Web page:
- Senior golf writer for ESPN.com
- Covered golf for more than 20 years
- Earned Evans Scholarship to attend Indiana University
ORLANDO, Fla. — It is no surprise that Justin Thomas and his dad, Mike, will be paired with Tiger Woods and his son, Charlie, during the opening round of the PNC Championship on Saturday.
They did so during the first round a year ago, and they are neighbors in South Florida.
But what was interesting is what the older Thomas — a former club pro and still a teacher to his son — said about playing with Woods recently.
“It’s crazy how good he’s hitting it and how far he’s hitting, for what he’s been through,” Mike Thomas said Thursday at the Ritz-Carlton Golf Club.
That ought to add a bit more juice to what already promises to be a high-intensity weekend for what is normally a low-key, offseason golf event among major champions and their family members.
Woods will play competitive golf for the first time in a year — since he and Charlie, now 12, tied for seventh at this same tournament a year ago, in fact.
A Feb. 23 car crash in which Woods suffered significant injuries to his right leg and foot left him hospitalized for weeks and immobile for months. Only recently has he emerged to show the progress he has made, and it includes playing golf with his son — and getting to ride in a golf cart — at a time that would have seemed inconceivable in the aftermath of the accident.
“My excitement level is high just for him being out here and being somewhere other than his house and getting to see a lot of familiar faces,” said Justin Thomas, a 14-time PGA Tour winner who has probably spent more time with Woods in the last several months than any other player.
“And know spending time with Charlie is a huge deal to him. So I know he’s excited for that part.
“In terms of competing, I think his expectations are very low. But at the same time, he is who he is for a reason, so I’m sure he’ll be pissed off if he doesn’t play well.”
Woods, who turns 46 on Dec. 30, tried to keep the expectations down during his news conference at the Hero World Challenge on Nov. 30. He was self-deprecating as to how far he was hitting the ball, and cautioned that he was a long way from playing competitive Tour golf.
He acknowledged that “hit and giggle” golf might be in his future, and so here he is at the PNC, with a Friday morning pro-am time a first real opportunity for the world to get a glimpse of his game.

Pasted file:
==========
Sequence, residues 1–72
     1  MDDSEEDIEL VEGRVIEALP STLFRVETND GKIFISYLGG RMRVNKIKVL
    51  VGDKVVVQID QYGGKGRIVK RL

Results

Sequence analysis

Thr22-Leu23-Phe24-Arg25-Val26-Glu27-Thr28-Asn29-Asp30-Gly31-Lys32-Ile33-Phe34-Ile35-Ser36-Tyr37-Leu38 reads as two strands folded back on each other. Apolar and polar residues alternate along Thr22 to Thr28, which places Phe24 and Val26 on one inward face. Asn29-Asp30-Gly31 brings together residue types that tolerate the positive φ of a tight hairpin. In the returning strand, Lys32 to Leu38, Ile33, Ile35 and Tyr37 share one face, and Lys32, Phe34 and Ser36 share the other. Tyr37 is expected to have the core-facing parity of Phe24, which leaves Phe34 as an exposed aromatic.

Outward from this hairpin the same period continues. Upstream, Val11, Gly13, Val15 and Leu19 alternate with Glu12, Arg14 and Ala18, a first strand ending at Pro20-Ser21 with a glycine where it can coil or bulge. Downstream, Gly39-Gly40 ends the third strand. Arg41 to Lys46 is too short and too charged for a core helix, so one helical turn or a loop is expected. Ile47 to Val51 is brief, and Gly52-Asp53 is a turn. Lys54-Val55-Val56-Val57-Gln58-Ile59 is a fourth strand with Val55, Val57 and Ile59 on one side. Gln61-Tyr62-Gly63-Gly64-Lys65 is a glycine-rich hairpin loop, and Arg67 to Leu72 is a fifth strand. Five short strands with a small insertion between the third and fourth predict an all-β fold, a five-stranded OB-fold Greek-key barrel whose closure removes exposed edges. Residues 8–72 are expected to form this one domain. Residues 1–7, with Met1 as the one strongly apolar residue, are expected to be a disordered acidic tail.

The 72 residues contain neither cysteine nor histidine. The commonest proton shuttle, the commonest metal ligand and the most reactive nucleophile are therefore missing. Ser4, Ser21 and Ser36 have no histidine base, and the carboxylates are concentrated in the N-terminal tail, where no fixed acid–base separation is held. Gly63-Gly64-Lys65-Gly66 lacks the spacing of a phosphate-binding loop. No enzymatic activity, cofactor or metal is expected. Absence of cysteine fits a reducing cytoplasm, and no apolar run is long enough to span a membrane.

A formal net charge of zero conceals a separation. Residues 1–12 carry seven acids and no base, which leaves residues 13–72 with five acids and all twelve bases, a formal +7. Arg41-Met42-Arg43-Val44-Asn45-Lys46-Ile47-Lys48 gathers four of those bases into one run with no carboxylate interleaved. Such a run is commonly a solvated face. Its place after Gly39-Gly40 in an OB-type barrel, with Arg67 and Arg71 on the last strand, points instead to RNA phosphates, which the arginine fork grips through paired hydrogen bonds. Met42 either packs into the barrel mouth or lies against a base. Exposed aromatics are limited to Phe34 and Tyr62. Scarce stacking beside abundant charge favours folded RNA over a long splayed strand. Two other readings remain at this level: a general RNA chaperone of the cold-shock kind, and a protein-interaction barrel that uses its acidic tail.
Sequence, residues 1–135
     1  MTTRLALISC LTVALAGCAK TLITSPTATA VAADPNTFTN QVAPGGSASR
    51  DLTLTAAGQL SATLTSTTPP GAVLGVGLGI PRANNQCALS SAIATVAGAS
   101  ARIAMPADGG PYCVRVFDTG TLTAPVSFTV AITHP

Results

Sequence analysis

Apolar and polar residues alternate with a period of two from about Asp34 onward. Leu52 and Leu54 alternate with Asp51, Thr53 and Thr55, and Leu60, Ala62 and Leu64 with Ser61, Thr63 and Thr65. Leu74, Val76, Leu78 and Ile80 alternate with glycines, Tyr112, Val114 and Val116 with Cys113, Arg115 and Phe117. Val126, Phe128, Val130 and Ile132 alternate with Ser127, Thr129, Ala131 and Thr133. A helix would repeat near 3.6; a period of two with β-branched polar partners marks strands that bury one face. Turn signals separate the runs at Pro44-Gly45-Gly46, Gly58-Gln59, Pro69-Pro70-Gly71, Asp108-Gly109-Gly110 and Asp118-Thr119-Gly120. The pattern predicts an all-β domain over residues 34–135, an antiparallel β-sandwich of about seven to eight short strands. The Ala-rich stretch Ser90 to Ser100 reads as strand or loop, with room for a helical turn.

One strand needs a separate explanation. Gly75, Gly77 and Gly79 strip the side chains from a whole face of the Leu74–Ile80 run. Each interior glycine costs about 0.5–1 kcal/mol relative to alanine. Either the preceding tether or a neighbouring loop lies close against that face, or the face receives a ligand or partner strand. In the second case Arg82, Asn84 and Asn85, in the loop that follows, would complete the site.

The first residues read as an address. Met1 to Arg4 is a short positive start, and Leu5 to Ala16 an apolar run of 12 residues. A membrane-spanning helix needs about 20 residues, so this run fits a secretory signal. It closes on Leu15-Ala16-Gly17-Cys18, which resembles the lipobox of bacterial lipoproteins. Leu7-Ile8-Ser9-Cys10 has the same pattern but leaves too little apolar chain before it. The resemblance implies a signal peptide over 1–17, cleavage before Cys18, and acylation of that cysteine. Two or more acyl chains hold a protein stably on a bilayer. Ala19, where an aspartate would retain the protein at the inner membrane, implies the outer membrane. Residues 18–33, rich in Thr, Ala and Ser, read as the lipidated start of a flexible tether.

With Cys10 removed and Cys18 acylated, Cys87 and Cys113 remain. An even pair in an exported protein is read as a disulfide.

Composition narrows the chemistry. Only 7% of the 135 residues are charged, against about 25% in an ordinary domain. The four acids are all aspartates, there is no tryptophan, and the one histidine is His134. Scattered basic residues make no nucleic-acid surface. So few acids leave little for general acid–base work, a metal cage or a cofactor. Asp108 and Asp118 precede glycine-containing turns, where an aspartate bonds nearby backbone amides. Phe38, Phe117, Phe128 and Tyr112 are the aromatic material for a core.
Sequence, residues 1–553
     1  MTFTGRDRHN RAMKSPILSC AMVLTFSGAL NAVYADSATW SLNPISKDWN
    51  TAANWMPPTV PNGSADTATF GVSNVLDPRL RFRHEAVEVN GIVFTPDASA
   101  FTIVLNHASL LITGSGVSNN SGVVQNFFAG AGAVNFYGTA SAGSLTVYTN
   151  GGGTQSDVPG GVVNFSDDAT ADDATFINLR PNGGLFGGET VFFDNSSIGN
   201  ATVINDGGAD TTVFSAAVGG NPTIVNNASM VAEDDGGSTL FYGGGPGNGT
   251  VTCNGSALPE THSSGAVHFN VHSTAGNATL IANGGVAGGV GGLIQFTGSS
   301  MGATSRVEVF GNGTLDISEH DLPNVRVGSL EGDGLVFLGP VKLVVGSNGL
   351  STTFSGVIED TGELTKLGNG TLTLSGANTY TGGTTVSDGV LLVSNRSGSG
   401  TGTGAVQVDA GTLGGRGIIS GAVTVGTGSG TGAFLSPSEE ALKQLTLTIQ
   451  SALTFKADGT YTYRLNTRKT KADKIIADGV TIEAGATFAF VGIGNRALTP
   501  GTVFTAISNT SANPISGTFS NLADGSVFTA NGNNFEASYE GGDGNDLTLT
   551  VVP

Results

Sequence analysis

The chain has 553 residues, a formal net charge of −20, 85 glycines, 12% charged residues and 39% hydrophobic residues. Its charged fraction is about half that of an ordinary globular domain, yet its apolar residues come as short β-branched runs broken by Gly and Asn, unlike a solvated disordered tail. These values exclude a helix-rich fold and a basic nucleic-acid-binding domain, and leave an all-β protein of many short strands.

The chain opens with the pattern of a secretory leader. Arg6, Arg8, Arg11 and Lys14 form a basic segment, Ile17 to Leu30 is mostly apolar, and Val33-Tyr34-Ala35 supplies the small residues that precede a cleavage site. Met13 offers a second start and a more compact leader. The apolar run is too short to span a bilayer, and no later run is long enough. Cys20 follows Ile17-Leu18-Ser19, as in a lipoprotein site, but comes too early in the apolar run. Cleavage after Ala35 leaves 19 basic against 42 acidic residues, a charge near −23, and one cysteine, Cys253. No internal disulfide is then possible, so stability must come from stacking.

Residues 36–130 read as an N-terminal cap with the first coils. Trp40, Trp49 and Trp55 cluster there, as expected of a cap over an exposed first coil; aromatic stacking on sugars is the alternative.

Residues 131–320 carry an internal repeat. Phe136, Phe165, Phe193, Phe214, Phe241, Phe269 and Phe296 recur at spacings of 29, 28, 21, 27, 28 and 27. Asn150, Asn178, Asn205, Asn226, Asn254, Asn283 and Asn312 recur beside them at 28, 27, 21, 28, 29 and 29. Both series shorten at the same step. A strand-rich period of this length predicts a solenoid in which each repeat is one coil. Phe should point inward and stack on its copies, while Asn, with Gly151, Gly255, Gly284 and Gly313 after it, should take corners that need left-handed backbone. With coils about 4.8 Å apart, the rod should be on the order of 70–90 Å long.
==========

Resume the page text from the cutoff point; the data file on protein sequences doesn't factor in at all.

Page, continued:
“We all know him well enough to know that he’s never going to admit to being close to where he’d like to be,” Mike Thomas said. “More importantly, where he would normally be compared to now. More importantly is his shot, whatever he has right now. … he’s still got some speed. He’s got some length. Hits a lot of really, really flush shots. I mean, I was surprised.”
A year ago, Charlie Woods stole the show, amazing those who watched how similar his mannerisms were to his father, who has won 15 major championships and 82 PGA Tour titles.
But now the focus will again be squarely on Tiger.
“It shows how Tiger’s changed,” said Padraig Harrington, the European Ryder Cup captain who is playing with his son, Paddy. “Let’s face it. Tiger was always great to play against at his peak. But he was a hired professional. He let nobody in. Nobody knew who Tiger was. “But now as a parent he’s a completely different person. He’s changed. There’s no way he would be playing any golf at this stage right now only for he wants to have that experience with his son. As you grow older, you realize there’s more to life. Your family becomes the center of your life. And it’s clear with Tiger that’s the case.
“He would do anything to give his son an experience he can’t forget. Tiger doesn’t need to be playing golf this week. I’m sure if this wasn’t on now you wouldn’t see him at least for three or four more months.”
Regardless how Woods plays, the speculation as to when he will return is bound to be endless. Can he return in time for the Masters? Is The Open at St Andrews more likely? Does he play at all in 2022?
The PNC is far more subdued than any other public golf he would play. It’s just 36 holes. He’s allowed to use a golf cart. And the format is a scramble, which means both players hit a tee shot, play from the best one, and continue that process until the hole is completed.
Last year, with a sizable advance from the junior tees, Charlie often hit drives well into play that mean his famous dad didn’t even need to bother. It will be interesting to see how often Tiger hits a driver or any tee shots, given his situation.
“I’m sure some days he’s like, “Oh, wow, I can do this, and there’s some days where it’s like, “Oh, I’m not really sure,”‘ Justin Thomas said. “But (playing this week) is very impressive and unbelievable.
“But I know that he somewhere deep in there had this circled on his calendar of wanting to come back here.”
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